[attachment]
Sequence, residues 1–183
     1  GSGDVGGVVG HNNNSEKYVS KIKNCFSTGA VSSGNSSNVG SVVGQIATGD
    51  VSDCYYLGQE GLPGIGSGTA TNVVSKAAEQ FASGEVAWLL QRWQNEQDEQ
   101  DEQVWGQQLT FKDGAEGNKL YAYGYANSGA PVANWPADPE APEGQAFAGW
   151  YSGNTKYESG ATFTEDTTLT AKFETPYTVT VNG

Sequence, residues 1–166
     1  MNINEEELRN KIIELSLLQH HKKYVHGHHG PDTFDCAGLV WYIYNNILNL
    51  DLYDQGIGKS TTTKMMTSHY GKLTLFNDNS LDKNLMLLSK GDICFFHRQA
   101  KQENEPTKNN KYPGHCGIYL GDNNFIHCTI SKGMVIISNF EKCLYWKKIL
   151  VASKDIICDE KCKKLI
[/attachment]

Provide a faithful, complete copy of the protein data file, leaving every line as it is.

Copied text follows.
Sequence, residues 1–183
     1  GSGDVGGVVG HNNNSEKYVS KIKNCFSTGA VSSGNSSNVG SVVGQIATGD
    51  VSDCYYLGQE GLPGIGSGTA TNVVSKAAEQ FASGEVAWLL QRWQNEQDEQ
   101  DEQVWGQQLT FKDGAEGNKL YAYGYANSGA PVANWPADPE APEGQAFAGW
   151  YSGNTKYESG ATFTEDTTLT AKFETPYTVT VNG

Sequence, residues 1–166
     1  MNINEEELRN KIIELSLLQH HKKYVHGHHG PDTFDCAGLV WYIYNNILNL
    51  DLYDQGIGKS TTTKMMTSHY GKLTLFNDNS LDKNLMLLSK GDICFFHRQA
   101  KQENEPTKNN KYPGHCGIYL GDNNFIHCTI SKGMVIISNF EKCLYWKKIL
   151  VASKDIICDE KCKKLI